Improving independence in the community for students with multiple disabilities through the use of low-tech communication tools
AuthorJackson, Lisa Monica
MetadataShow full item record
PublisherThe University of Arizona.
RightsCopyright © is held by the author. Digital access to this material is made possible by the University Libraries, University of Arizona. Further transmission, reproduction or presentation (such as public display or performance) of protected items is prohibited except with permission of the author.
AbstractThe goal of this study was to increase the independent functional life skills of students with multiple disabilities within their communities using simple teacher made communication tools. Participants were three students, ages 10--12, with multiple disabilities which included blindness, mental retardation, and non-speech communication. The study used a multiple baseline across subjects design. All phases of the study were implemented within the community. Intervention consisted of teaching students to make monetary transactions by using a wallet with instructions for a cashier attached with velcro. Data indicated that this low-tech communication system enabled each of the students to (a) initiate and complete monetary transactions with cashiers in one community setting and (b) generalize the skiff to a new community setting.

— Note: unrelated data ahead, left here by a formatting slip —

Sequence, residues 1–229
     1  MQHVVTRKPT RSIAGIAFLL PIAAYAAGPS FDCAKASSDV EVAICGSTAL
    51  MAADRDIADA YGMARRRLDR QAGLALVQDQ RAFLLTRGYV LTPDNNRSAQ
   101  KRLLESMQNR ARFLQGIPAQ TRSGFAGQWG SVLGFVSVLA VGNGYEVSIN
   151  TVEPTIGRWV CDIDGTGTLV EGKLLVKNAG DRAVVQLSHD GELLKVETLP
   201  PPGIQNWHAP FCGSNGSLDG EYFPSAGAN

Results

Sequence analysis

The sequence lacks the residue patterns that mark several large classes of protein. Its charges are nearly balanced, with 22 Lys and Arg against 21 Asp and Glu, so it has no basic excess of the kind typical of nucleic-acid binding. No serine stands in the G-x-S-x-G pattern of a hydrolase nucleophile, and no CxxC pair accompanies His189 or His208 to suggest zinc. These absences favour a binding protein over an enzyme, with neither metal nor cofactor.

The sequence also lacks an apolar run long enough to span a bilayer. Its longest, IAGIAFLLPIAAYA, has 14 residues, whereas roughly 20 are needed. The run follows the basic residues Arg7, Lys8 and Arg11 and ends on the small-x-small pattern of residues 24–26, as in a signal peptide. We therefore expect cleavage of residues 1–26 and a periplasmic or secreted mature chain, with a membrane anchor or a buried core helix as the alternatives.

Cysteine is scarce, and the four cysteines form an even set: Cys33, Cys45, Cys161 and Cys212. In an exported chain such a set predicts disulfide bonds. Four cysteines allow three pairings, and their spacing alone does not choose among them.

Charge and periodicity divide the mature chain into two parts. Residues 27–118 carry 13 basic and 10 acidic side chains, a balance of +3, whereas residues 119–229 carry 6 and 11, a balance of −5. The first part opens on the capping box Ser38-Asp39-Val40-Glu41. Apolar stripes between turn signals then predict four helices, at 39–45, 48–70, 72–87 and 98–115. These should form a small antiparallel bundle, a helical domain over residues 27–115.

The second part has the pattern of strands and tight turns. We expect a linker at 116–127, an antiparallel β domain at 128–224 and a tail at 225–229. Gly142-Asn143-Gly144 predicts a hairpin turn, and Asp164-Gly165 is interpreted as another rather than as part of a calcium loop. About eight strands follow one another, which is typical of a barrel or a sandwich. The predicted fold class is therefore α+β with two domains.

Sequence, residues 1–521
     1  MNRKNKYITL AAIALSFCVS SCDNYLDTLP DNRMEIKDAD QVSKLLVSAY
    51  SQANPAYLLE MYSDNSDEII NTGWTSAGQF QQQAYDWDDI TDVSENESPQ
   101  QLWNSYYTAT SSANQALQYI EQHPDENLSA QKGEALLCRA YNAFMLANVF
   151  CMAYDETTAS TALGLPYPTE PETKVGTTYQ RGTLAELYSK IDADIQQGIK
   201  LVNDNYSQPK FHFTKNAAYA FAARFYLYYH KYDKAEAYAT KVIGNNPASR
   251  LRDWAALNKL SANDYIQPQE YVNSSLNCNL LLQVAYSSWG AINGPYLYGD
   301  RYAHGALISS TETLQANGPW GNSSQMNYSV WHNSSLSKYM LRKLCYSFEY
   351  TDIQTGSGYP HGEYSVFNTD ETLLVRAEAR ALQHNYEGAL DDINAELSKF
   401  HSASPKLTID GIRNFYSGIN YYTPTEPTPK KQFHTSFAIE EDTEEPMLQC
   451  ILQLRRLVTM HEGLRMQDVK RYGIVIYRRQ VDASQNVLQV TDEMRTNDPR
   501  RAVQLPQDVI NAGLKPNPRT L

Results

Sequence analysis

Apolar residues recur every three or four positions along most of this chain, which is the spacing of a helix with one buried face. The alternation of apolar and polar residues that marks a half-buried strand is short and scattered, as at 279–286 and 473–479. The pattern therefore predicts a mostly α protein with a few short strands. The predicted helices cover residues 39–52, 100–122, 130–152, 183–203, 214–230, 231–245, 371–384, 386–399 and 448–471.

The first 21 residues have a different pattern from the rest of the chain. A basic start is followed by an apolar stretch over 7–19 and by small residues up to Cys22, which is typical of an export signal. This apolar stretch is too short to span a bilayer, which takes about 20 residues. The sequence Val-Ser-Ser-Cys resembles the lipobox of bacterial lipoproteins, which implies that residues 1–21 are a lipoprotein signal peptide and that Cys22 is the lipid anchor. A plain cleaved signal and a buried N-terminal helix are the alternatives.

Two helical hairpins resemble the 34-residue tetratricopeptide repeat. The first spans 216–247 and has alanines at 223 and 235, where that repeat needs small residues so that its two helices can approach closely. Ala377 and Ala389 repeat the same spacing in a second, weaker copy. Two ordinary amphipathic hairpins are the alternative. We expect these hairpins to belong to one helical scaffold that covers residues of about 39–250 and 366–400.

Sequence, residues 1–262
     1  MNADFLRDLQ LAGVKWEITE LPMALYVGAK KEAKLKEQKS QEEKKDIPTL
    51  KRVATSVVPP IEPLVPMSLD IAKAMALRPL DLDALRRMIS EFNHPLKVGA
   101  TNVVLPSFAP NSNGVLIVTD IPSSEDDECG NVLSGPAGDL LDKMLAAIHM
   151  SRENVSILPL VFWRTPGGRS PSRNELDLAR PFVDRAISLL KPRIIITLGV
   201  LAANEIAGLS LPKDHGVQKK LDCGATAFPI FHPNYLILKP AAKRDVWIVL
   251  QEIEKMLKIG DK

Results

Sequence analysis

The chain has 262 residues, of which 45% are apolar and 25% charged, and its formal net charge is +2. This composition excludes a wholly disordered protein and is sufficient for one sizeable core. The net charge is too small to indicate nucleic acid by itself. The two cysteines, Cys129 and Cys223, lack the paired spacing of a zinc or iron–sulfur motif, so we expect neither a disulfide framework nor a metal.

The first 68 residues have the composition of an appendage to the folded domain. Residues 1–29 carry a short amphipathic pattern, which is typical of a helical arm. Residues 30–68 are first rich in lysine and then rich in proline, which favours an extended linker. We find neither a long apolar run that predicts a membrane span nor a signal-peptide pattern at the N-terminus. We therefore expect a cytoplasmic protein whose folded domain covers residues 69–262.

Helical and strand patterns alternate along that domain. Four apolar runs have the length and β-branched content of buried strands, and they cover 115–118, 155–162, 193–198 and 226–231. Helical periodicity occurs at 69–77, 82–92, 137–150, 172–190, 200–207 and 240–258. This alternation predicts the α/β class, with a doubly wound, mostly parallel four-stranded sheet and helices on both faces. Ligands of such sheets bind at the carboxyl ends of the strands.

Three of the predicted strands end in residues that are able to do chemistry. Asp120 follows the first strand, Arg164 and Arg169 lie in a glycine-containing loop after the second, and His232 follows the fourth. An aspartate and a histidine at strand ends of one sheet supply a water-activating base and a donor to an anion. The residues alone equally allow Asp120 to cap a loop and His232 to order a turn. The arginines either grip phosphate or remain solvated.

Degree ProgramGraduate College
Special Education, Rehabilitation and School Psychology